Non-alcoholic fatty liver disease (NAFLD) is highly prevalent in type 2 diabetes mellitus (T2DM), likely reflecting the frequent occurrence of obesity and insulin resistance in T2DM. NAFLD also can occur in type 1 DM (T1DM), but must be distinguished from the more common glycogen hepatopathy as a cause of hepatomegaly and liver function abnormalities in T1DM. Weight reduction achieved by diet and exercise is effective in preventing and treating NAFLD in obese diabetic subjects. Bariatric surgery also has been shown to reverse NAFLD in T2DM, and recently approved weight loss medications should be evaluated for their impact on the development and progression of NAFLD. There is limited evidence suggesting that specific drugs used for blood glucose control in T2DM [thiazolidinediones (TZDs), glucagon-like peptide-1 (GLP-1) analogs, and dipeptidyl peptidase-4 (DPP-4) inhibitors] and also statins may have a role in preventing or treating NAFLD in patients with diabetes. PMID:26005676

  1. Iliopsoas abscess in adolescents with type 1 diabetes mellitus

    PubMed Central

    Maines, Evelina; Franceschi, Roberto; Cauvin, Vittoria; d’Annunzio, Giuseppe; Pini Prato, Alessio; Castagnola, Elio; Di Palma, Annunziata

    2015-01-01

    Key Clinical Message Iliopsoas abscesses have been reported in adult diabetic patients, but only one case has been so far reported in the pediatric diabetic literature. We report three cases of iliopsoas abscesses in three adolescents with type 1 diabetes mellitus, suggesting that an increased awareness of this condition is required for its early recognition and prompt treatment. PMID:26273460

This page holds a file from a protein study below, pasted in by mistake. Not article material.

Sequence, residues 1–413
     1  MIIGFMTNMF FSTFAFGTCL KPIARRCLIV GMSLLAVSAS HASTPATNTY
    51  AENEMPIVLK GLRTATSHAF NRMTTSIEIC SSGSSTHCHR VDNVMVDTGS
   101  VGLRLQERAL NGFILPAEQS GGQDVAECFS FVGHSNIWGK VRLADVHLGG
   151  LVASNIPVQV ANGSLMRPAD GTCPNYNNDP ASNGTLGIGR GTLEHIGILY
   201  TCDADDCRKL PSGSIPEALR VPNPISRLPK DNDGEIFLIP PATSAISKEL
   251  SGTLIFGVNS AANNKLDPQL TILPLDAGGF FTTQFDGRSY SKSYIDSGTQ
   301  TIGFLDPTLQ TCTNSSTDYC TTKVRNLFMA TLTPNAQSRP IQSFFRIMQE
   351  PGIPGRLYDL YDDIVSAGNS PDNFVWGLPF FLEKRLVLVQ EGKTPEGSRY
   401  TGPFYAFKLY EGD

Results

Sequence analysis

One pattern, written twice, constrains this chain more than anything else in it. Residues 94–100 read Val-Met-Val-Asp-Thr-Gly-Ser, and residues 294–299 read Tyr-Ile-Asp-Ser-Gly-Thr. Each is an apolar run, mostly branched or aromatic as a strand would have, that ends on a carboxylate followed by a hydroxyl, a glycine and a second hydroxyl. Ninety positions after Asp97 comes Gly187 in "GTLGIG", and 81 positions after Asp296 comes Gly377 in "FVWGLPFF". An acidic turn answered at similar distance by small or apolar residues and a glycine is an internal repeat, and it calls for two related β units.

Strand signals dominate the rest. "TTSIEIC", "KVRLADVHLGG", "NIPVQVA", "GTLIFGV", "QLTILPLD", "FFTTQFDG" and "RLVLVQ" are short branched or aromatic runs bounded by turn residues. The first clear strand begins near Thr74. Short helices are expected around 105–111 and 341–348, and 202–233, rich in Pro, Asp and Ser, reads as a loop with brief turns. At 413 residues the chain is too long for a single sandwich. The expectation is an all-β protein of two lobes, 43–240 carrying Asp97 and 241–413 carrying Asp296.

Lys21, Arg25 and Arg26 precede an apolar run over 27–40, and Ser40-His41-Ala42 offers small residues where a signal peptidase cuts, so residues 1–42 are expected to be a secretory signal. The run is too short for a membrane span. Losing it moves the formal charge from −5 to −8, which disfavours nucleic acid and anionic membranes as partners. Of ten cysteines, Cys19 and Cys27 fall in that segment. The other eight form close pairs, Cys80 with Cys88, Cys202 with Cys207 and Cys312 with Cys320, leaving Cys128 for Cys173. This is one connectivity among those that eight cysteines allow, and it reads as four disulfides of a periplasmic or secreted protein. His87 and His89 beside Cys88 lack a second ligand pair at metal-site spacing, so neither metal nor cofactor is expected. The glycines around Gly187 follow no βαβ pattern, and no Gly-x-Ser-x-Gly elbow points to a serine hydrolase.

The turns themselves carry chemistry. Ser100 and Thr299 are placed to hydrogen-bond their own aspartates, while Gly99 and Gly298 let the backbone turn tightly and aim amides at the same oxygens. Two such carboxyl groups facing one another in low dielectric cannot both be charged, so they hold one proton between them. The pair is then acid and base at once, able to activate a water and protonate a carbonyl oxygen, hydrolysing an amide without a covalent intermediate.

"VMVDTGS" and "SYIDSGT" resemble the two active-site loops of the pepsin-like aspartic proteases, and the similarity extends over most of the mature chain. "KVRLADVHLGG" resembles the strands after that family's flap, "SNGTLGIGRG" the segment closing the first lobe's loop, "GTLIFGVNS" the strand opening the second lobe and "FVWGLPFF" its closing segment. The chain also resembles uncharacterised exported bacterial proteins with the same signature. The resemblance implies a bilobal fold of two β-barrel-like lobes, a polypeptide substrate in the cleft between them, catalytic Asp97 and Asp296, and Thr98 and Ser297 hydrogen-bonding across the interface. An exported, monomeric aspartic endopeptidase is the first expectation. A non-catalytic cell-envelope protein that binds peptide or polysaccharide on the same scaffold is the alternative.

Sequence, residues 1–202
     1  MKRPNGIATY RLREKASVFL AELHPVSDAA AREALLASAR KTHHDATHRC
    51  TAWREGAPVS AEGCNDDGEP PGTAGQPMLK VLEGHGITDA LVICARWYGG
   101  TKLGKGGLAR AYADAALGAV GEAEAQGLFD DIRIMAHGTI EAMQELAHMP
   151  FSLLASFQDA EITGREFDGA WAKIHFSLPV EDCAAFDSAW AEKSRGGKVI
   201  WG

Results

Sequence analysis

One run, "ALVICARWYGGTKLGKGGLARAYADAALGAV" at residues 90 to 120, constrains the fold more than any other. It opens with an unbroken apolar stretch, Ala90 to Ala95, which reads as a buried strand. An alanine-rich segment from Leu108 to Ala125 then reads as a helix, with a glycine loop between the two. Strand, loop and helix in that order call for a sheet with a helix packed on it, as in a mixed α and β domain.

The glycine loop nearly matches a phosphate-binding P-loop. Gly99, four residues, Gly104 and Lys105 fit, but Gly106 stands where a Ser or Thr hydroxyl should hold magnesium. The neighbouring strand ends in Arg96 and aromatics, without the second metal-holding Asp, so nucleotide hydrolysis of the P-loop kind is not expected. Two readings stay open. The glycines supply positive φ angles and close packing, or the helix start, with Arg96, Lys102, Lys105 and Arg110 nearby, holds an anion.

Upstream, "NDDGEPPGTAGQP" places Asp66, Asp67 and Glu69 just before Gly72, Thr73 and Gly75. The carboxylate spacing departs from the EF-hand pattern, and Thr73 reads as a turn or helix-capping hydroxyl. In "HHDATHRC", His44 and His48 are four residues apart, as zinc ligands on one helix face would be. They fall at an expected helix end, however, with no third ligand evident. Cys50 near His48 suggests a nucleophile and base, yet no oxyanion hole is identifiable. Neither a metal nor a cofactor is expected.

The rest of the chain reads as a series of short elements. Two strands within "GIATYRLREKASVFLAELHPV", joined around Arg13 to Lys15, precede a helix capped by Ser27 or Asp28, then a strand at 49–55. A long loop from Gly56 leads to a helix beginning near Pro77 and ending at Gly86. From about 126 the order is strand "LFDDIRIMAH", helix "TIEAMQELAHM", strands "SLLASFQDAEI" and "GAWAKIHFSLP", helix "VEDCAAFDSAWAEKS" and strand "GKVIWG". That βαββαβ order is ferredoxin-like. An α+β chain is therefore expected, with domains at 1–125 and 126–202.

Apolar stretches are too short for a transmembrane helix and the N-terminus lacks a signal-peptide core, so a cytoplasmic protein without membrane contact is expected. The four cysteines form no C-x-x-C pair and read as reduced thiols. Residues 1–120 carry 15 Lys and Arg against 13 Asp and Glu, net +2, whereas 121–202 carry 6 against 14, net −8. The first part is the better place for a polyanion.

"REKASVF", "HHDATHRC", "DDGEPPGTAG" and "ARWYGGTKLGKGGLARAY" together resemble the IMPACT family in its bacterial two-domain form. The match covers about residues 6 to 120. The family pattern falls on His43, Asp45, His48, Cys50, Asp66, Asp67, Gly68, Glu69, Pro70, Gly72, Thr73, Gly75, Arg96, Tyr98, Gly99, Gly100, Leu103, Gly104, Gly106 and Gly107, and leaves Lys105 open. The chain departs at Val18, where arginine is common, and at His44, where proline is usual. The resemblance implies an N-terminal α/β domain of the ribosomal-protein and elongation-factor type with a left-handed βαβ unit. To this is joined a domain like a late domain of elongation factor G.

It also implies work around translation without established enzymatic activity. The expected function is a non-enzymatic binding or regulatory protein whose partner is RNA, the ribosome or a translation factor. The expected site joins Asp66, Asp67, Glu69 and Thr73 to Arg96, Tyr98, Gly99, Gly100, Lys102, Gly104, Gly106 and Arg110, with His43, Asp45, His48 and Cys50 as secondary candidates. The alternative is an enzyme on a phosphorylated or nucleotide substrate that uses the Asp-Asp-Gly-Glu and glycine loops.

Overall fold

2. Traumatic injuries in patients with diabetes mellitus

    PubMed Central

    El-Menyar, Ayman; Mekkodathil, Ahammed; Al-Thani, Hassan

    2016-01-01

    Diabetes mellitus (DM) is associated with increased in-hospital morbidity and mortality in patients sustained traumatic injuries. Identification of risk factors of traumatic injuries that lead to hospital admissions and death in DM patients is crucial to set effective preventive strategies. We aimed to conduct a traditional narrative literature review to describe the role of hypoglycemia as a risk factor of driving and fall-related traumatic injuries. DM poses significant burden as a risk factor and predictor of worse outcomes in traumatic injuries. Although there is no consensus on the impact and clear hazards of hyperglycemia in comparison to the hypoglycemia, both extremes of DM need to be carefully addressed and taken into consideration for proper management. Moreover, physicians, patients, and concerned authorities should be aware of all these potential hazards to share and establish the right management plans. PMID:27162438

  3. Acromegaly and diabetes mellitus associated with hyperthyroidism.

    PubMed

    Deng, Datong; Luo, Li; Chen, Mingwei; Xu, Min; Wang, Youmin

    2014-01-01

    A 66-year-old woman with acromegaly and diabetes mellitus as well as primary hyperthyroidism is described. Serum GH Levels were inappprpriately high.MRI revealed an enlarged sella turcica with intrasellar mass. Her HbAlc was 12.2% and fasting blood glucose 8.89 mmol/l. Thyroid hormone levels in serum and thyroidal radioiodine uptake values were elevated, while TSH measurements in serum were low. Anti TPO antibodies were negative, TSH receptor antibodies were normal. Thyrotoxicosis as the first presenting illness in acromegaly was particulary uncommon. An ultrasound thyroid scan showed a multinodular goiter. Histology of the pituitary lesion showed a typical eosinophilic adenoma which only secreted GH when tested with specific immunostain. Post-operatively, the patient's clinical conditions improved, however, secondary hypoadrenalism appeared. PMID:24977962